Can Grief be a Mental Disorder?: An Exploration of Public Opinion.
Aged, 80 and over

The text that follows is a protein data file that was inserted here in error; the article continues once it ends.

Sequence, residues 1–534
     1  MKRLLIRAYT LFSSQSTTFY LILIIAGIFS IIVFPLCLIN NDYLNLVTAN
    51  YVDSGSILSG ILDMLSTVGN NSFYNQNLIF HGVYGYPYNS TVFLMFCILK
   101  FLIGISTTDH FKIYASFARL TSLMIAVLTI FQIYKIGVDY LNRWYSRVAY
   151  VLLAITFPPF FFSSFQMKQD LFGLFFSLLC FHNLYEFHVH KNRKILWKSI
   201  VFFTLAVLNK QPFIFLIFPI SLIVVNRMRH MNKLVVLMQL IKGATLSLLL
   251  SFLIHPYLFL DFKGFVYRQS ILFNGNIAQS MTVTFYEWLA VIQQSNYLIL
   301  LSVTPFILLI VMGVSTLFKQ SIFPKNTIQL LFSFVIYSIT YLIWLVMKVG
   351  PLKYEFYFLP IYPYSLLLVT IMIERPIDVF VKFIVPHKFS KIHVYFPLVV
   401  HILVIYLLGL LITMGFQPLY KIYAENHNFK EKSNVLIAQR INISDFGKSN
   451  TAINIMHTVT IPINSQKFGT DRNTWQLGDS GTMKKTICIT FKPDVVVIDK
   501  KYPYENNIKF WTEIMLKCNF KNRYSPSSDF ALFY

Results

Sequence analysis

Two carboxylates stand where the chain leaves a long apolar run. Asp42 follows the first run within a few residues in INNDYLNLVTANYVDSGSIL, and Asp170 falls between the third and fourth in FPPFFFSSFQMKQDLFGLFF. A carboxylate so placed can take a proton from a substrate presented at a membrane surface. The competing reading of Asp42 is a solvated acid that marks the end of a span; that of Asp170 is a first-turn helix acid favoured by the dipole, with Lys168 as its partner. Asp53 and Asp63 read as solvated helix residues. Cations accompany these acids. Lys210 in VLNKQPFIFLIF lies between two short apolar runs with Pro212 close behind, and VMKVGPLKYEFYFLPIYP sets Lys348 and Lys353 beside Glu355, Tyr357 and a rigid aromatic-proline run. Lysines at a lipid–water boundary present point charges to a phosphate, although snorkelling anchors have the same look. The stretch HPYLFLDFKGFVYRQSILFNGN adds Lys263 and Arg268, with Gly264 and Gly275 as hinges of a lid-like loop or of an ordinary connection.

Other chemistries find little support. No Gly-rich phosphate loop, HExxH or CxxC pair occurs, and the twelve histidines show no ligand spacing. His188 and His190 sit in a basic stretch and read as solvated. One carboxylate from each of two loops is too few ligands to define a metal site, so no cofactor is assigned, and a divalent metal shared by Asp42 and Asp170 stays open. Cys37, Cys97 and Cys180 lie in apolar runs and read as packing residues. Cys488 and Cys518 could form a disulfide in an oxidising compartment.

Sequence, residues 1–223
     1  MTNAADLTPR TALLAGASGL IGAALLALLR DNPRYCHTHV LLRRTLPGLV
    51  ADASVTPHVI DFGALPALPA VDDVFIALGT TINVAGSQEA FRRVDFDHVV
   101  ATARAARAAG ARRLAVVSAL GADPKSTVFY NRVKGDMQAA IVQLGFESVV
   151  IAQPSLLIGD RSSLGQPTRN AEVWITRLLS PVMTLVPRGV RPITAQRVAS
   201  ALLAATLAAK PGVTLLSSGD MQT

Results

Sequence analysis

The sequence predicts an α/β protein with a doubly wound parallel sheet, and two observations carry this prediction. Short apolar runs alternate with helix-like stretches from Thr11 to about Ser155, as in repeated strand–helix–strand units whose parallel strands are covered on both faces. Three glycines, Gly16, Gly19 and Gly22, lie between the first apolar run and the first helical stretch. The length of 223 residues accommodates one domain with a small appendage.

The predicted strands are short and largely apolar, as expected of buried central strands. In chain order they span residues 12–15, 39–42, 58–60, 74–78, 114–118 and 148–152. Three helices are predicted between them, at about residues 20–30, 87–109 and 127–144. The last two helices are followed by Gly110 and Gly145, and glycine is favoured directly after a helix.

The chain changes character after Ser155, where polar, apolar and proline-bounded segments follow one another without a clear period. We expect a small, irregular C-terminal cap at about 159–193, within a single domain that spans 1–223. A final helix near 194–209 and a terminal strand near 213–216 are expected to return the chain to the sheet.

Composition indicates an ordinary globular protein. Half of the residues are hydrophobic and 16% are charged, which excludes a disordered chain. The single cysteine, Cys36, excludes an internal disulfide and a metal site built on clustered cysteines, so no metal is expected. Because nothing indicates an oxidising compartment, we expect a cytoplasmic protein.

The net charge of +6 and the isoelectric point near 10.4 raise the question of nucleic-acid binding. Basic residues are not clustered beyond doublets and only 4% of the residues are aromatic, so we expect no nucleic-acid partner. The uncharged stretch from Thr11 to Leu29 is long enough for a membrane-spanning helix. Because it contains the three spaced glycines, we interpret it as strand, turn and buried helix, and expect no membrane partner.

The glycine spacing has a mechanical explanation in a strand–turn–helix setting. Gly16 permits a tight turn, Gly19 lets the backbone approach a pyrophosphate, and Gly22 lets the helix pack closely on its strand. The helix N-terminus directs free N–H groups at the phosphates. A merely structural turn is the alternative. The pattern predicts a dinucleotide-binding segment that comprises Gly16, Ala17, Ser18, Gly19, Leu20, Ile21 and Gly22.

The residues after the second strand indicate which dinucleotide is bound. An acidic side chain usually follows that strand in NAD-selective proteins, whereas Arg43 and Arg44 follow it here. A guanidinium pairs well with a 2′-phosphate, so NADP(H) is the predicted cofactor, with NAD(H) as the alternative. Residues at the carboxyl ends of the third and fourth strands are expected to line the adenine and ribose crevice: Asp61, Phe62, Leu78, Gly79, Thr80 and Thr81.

Despite growing empirical evidence, the distinction between normal and pathological grief remains controversial. Few studies have investigated public attitudes towards distinguishing normal from pathological grief. An international sample of 348 participants from a wide range of cultures was asked if certain expressions of grief could be considered a mental disorder and to explain their answer. Analysis revealed that the majority (74.7%) agreed that grief could be considered a mental disorder. The presence of pervasive distress, of harm to self and/or others, functional impairment, and persistent grief were described as the circumstances under which grief can be a mental disorder. Reasons grief is not a mental disorder were that it is normal, temporary, in response to an event, and that efforts to include it in diagnostic manuals will lead to medicalization and stigma. The investigation of public norms informs the inclusion of pathological grief in diagnostic nosology.